Spotify will allow artists to choose songs to promote on radio
Spotify will soon test how to give artists more voice in how their music is discovered. In this experiment, artists and labels can identify the music that is a priority for them and the Spotify system will add that signal to the algorithm that determines custom listening sessions. Spotify will apply this service on Radio and Autoplay initially, after which it will expand it to other sections, depending on the comments.
The music streaming platform will not charge a fee for this service, as wrote in a blog post who wants the tool to be accessible to artists at any stage of their career. Instead, record labels or rights holders will have to agree to be paid a promotional recording royalty rate for broadcasts on personalized listening sessions where this service is provided. Spotify You haven’t mentioned how much lower the rate will be.
“We believe that our recommendations should also be informed by the artists – their priorities and what they have to say about their music,” the company wrote in its blog post. If the songs resonate with listeners, they will be tested in similar sessions, but if they don’t perform well, Spotify said it will remove the songs from the experiment.
Artists will initially be able to focus on specific songs through AutoPlay Tracks, which are songs that play after a user has finished listening to a playlist or album, and Spotify Radio, where the application chooses songs for the listener based on an artist or a song chosen by the listener.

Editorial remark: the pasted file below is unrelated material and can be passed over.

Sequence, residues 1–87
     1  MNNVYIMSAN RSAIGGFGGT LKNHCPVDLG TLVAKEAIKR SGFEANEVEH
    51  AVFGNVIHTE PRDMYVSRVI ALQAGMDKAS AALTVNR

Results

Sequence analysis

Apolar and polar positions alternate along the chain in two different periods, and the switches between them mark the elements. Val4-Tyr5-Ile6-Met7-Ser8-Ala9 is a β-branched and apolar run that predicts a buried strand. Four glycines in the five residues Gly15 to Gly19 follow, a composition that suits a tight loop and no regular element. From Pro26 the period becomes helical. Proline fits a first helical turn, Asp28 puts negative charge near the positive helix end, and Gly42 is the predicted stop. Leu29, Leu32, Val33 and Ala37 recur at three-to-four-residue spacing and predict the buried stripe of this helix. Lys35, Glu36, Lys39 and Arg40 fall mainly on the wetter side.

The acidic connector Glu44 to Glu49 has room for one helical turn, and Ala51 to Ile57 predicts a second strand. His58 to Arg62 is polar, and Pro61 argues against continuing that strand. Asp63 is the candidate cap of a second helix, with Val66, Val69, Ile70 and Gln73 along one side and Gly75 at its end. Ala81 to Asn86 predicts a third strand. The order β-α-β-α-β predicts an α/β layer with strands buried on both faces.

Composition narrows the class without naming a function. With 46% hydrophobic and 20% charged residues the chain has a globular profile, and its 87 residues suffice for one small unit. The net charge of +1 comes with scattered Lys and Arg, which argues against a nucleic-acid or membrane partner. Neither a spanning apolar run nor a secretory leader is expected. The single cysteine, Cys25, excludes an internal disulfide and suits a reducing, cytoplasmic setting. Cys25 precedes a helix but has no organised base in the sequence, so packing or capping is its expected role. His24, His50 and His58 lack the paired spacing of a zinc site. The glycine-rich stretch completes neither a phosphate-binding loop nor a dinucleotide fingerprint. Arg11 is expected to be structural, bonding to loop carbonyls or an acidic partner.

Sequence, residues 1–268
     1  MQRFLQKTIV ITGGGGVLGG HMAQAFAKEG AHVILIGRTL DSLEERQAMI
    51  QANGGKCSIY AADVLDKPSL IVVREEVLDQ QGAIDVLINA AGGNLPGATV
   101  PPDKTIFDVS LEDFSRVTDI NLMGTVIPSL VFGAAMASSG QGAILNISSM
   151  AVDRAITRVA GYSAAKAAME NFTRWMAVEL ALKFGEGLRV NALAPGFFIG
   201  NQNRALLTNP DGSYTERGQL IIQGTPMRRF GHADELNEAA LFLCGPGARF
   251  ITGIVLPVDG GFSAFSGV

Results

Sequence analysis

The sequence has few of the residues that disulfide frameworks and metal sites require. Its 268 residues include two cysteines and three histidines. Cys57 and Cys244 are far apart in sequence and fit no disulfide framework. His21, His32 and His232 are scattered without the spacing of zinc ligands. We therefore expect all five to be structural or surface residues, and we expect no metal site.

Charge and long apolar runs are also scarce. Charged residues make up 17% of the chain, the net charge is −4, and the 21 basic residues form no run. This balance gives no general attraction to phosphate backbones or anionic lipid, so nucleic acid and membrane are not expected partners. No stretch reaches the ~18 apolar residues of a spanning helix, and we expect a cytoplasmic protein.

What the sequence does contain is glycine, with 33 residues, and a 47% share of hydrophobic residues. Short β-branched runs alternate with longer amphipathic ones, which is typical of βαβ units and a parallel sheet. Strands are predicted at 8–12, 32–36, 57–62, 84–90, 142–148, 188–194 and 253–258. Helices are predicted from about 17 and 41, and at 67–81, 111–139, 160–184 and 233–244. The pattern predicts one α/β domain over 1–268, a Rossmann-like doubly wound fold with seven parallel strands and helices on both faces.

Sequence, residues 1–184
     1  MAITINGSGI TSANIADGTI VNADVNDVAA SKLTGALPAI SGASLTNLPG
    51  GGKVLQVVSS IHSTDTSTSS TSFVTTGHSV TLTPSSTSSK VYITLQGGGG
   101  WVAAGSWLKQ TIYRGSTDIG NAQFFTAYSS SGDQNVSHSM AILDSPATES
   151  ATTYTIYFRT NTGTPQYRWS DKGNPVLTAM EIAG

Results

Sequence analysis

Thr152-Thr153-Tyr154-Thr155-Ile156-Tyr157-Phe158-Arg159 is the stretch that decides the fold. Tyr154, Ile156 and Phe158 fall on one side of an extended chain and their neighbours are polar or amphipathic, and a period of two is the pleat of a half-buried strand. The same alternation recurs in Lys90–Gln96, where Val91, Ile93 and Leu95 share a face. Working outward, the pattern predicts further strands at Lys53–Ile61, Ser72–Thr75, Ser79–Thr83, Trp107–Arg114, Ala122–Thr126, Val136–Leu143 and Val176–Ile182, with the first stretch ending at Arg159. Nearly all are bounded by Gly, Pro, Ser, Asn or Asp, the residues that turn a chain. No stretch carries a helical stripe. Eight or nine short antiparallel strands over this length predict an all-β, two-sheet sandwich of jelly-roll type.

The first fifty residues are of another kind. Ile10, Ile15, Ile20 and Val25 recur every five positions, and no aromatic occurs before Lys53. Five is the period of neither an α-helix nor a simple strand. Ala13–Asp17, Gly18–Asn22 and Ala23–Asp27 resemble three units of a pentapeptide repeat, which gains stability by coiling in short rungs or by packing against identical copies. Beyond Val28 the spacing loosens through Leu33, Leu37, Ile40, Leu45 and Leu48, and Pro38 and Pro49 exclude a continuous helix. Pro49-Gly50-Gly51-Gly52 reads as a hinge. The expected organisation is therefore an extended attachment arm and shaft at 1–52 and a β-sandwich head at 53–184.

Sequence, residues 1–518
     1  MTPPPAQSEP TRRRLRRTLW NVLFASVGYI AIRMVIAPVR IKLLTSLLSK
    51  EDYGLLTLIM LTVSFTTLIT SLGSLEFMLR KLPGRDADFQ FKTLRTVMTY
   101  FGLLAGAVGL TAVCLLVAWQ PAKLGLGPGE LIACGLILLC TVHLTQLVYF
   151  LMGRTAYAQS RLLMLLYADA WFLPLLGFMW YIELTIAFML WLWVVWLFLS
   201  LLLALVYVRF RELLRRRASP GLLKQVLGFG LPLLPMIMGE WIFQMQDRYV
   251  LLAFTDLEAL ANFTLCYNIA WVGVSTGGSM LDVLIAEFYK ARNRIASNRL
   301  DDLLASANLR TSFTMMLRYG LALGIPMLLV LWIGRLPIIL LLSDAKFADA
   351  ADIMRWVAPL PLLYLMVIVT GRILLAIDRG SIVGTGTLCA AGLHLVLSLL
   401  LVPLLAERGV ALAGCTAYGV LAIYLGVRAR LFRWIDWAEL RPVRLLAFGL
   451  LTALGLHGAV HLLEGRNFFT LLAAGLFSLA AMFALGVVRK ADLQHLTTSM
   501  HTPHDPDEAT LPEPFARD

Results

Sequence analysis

Artists will be able to prioritize specific songs, perhaps the anniversary of an album they are celebrating, a song they are excited about, or a cultural moment they are living. The music streaming service clarified that it will not guarantee location to record labels or artists and will only recommend music that it thinks listeners will want to hear.
Spotify said it was able to make excellent personalized recommendations due to complex and dynamic systems that consider a wide variety of inputs on what listeners like, known as signals. These signals are balanced in many different possible ways to produce an output, which is “the perfect song for the moment.” The signals include what a user is listening to, what song they were adding to their playlist, what time of day the song was heard, the listening habits of people with similar tastes, and more.